(Used with anything other than) The Benny Hill Show
Boots Randolph neither died nor was born on April 20, but British comedian Benny Hill did pass away 36 years ago today, so this is an opportunity to commemorate Randolph’s iconic-yet-ridiculous instrumental, “Yakety Sax.” The closing theme for The Benny Hill Show famously accompanied sped-up shots of the host and various pervy pals chasing around—and sometimes being chased by—buxom women in various states of undress.
To put it mildly, that kind of thing doesn’t exactly play under today’s cultural lens. Do you think it plays in the four clips below? Me too! But if you fail to see the humor in an upbeat saxophone augmenting (in order) a) yet another Riot Fest recap video, b) flesh being stripped from Jesus’ body, c) preadolescent girls projectile-vomiting on priests, or d) a youth soccer gone violently awry, you may just want to skip to the next blurb now.
As for the rest of you sickos, give that fourth clip a couple seconds… I promise you’ll be rewarded.
Cubs in Five
The Mountain Goats (1995)
Riot Fest is based in Chicago, so might as well throw ourselves a bone. Before it was renamed Wrigley Field in 1927, the Cubs’ iconic stadium went by Cubs Park from 1920 to 1926, and Weeghman Park upon its founding in 1914. The Cubbies’ first home game in the Friendly Confines? April 20, 1916! Now, everybody knows the lovable losers broke the Curse of the Billy Goat (just kidding—curses don’t exist, only incompetence) in 2016, winning their first World Series in 108 years.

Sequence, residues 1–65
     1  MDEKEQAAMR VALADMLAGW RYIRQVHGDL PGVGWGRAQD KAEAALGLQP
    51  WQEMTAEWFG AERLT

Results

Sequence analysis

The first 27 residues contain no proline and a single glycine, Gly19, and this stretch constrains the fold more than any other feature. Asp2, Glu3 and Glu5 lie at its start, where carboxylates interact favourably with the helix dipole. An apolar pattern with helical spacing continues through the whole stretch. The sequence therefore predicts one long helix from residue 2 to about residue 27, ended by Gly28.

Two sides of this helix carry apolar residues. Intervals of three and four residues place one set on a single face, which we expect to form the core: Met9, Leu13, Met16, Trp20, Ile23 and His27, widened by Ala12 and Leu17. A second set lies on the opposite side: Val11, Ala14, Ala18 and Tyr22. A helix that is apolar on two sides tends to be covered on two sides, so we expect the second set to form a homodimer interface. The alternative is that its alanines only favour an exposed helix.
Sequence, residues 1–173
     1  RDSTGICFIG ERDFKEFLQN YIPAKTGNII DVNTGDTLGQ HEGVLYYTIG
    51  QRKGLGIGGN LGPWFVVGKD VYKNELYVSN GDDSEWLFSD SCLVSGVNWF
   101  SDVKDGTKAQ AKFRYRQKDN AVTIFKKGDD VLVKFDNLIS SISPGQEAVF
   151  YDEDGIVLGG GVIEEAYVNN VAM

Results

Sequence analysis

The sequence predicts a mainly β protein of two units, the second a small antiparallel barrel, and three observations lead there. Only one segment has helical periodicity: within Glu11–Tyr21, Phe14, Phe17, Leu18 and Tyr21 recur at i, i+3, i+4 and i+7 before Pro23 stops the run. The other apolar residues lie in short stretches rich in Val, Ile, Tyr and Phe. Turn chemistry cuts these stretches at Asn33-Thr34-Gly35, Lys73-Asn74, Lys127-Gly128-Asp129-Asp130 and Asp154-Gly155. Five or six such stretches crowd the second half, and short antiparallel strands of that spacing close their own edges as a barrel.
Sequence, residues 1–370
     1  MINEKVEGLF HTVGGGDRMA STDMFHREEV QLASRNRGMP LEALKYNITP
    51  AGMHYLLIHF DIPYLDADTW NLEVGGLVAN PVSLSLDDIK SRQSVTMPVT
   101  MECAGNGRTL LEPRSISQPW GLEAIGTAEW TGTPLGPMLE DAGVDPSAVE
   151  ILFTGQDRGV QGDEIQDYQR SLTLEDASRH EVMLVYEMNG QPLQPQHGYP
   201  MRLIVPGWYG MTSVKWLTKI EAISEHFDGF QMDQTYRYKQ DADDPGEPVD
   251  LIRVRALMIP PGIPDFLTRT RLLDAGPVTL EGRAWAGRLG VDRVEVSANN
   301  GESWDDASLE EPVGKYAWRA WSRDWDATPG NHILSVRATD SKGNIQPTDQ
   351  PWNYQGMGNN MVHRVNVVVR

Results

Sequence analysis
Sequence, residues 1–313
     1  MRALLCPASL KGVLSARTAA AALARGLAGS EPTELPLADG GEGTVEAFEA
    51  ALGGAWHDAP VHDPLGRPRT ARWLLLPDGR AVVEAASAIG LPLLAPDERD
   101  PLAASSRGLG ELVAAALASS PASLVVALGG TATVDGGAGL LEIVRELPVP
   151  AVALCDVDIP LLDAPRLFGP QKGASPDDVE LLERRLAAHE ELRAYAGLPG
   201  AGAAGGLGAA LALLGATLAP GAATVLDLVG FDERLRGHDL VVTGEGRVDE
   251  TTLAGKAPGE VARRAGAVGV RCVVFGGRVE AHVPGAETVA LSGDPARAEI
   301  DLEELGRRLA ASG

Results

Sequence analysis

Lifelong Cubs fan John Darnielle released this spirited lo-fi anthem way back in 1995, on the Mountain Goats’ Nine Black Poppies EP. It’s not all about the Cubs (the tune features a prescient line about the then-similarly tortured Tampa Bay Buccaneers—who did “make it all the way through January” just eight years later), but stands the test of time as a paean to blind optimism for overdue good things… be it people starting to read Chaucer again or signs of lunar life.
See, it’s okay to feel good about stuff from time to time. In fact, you probably need to after those “Yakety Sax” videos.
Snoopy vs. Red Baron
I don’t know what recurring plot thread in Peanuts was more awesomely weird: Linus’ unwavering belief in a demigod who descends upon a local pumpkin patch every Halloween to bestow toys to true believers, or an anthropomorphic beagle who routinely dons goggles, ascends to the top of his doghouse, and engages in imaginary dogfights with infamous World War I pilots.
Manfred von Richthofen, a.k.a. the Red Baron, was finally taken down by a Royal Air Force pilot 100 years ago tomorrow, but claimed his 79th and 80th (i.e., his final) victims today.
That notoriety clearly marinated in Charles Schulz’ imagination until it manifested in the form of Snoopy visualizing his backyard abode as a Sopwith Camel (the plane that maybe/maybe not took down Richthofen), which was more often than not perforated with bullet holes in a noble losing effort.
I’m not telling you anything you don’t already know, and no disrespect to the many surely talented writer/illustrators keeping it real today, but holy shit the comics page used to be cool.
Those who’d prefer a live version can see the Mr. T Experience play with the Smoking Popes, Kepi Ghoulie, and Telethon at Chicago’s Bottom Lounge on May 12; tickets for that night only are sold-out, however a few two-day passes for both Smoking Popes shows are still available right here.